6. mettere via - to put away
7. sporco/a - dirty
8. pulito/a - clean
9. pulire - to clean
10. assai - a lot

Saturday, July 19, 2008

Saturday Still Life, Italian in 10 Words a Day

I love these spiky, white hydrangea (paniculata) flowers.

Words of the day:
vetro - glass
vaso - vase
un vaso da vetro - a glass vase
un vaso d'aqua - a vase of water
l'ortensia - hydrangea
un ramo - branch
cogliere - to pick, gather
mirtilli - blueberries
pantano - bog
torba - peat

Thursday, July 17, 2008

Il Corpo in plurale and conversations with Dante Alighieri - Italian in 10 Words a Day

In English, we don't label nouns as feminine or masculine. Sometimes, inanimate objects are referred to as him or a her like ships so I sometimes wonder how it is that some things are masculine and some are feminine in the Italian language. Yes, some words are obvious like girl and boy, man and woman but what about words like, il cuore which is masculine. The heart is the universal symbol of love. Being a woman, I am prejudiced but who loves more? A man or a woman. A mother or a father? A husband or a wife? My thoughts on this matter? I guess it just depends.

Sometimes I would like to have a conversation with Dante Alighieri and ask him, just what were you thinking? But, some things I have figured out in my own head conversations with Dante. The brain, that sexist pig, he made it masculine. But, he did make the head that holds the brain, la testa, feminine. Maybe it was out of some respect for women. Then there are all the irregular words for the body. Masculine nouns end in o if singular and i, if plural, in general. The definite articles are il for singular nouns and and i for plural nouns. Feminine nouns end in a, if singular, and e if plural, in general having definite articles of la for singular nouns and le for plural nouns.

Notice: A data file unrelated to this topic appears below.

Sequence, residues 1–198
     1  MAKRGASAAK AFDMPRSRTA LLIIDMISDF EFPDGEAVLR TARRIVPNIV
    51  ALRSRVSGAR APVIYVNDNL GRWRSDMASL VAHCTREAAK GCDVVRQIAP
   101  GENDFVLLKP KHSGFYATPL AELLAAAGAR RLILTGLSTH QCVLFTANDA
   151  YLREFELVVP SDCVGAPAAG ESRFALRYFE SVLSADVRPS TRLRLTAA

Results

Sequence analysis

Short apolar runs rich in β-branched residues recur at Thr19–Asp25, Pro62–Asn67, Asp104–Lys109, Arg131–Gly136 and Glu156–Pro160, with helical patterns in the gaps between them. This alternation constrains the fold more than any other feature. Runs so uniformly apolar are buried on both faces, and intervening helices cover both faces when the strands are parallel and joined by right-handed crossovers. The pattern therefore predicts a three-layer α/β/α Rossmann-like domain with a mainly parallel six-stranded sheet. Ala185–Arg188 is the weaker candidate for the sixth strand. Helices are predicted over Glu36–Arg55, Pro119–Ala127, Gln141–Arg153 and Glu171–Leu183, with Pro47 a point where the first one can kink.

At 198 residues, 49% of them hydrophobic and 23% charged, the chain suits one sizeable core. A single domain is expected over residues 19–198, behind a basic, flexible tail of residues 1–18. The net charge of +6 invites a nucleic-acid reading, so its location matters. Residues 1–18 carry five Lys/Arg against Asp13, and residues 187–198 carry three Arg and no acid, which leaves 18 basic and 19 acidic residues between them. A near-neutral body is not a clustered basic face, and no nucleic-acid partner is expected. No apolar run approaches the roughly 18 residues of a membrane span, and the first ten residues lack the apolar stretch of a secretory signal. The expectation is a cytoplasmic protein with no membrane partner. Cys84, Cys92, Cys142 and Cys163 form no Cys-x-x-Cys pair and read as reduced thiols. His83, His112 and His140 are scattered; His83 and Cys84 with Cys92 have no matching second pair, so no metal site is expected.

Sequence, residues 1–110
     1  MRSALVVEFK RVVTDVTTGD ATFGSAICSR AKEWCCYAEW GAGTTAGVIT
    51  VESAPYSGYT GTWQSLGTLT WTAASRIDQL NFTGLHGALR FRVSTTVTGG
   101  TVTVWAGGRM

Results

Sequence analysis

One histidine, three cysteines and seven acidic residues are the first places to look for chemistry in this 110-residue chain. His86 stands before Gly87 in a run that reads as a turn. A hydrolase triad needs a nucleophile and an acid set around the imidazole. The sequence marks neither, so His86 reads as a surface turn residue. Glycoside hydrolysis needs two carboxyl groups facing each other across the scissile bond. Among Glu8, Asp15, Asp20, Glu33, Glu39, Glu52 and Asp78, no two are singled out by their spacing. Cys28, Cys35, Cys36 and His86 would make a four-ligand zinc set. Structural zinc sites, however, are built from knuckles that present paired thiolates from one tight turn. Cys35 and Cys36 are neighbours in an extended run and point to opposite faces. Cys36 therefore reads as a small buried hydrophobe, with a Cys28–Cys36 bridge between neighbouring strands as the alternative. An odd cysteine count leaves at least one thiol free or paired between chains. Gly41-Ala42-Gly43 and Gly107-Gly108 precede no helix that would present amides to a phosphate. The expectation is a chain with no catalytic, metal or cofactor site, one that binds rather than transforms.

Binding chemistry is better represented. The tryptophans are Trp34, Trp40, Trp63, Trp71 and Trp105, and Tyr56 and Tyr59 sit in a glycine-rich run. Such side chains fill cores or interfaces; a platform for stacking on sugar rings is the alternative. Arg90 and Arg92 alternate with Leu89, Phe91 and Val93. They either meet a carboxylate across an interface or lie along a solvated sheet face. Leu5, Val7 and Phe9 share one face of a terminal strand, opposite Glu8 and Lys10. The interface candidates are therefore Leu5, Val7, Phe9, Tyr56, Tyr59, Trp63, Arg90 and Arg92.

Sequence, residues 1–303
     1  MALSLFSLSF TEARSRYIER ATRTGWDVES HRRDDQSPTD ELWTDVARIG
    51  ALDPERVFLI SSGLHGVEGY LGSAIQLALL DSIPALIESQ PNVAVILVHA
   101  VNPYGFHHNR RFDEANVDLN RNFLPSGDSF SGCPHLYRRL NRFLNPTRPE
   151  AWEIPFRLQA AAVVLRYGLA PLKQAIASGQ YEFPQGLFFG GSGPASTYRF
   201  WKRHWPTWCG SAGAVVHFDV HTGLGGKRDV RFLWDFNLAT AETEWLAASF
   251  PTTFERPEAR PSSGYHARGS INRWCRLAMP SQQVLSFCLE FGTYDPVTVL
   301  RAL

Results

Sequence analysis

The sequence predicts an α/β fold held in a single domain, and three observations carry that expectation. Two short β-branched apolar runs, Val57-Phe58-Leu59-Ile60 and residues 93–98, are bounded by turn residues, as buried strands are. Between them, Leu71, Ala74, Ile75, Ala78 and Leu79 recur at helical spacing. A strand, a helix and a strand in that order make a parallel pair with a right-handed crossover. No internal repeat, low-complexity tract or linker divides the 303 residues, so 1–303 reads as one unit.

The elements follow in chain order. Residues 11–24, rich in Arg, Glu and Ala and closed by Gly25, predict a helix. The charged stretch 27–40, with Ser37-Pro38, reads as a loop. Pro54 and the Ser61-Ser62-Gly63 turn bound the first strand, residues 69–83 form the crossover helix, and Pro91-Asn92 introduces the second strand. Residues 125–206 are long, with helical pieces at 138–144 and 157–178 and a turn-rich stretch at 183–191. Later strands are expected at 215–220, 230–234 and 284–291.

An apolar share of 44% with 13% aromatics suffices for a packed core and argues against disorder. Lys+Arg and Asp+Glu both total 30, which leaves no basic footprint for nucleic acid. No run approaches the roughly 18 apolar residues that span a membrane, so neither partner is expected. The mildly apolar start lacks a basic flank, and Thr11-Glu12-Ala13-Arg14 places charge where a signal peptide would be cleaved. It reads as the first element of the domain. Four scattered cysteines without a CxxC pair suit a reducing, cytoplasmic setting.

Of course, there are exceptions. But with the body, Dante decided that, (if he is to blame) the hand, ending in o should be irregular and make the definite article, la not il. So the hand is feminine and masculine. Maybe that says something about how Dante felt about men and women. Maybe he wasn't the sexist pig I think he was sometimes. And the same is true for the word problem. Il problema. So, I think that Dante (if he was the one who chose) was pretty philosophical when standardizing the Italian language. But frankly, I think, Dante might have had some personal problems with women because shouldn't it really be la problemo? But, maybe, I should give him a break because the word for love, amore, is masculine and to me that makes him a romantic. Hence, his (il) problema. So here are the words for the day, a mix of feminine and masculine singular and plural body parts.

Singolare > Plurale
1. il braccio > le braccia - arm, arms
2. il dito > le dita - finger, fingers
3. il ginocchio > le ginocchia - knee, knees
4. la mano > le mani - hand, hands
5. l'orecchio > le orecchie - ear, ears
6. l'osso > le ossa - bone, bones
7. il labbro > le labbra - lip, lips
8. il corpo - the body
9. maniglie dell'amore - love handles (they usually come in pairs hence they are plural)
10. un abbraccio - a hug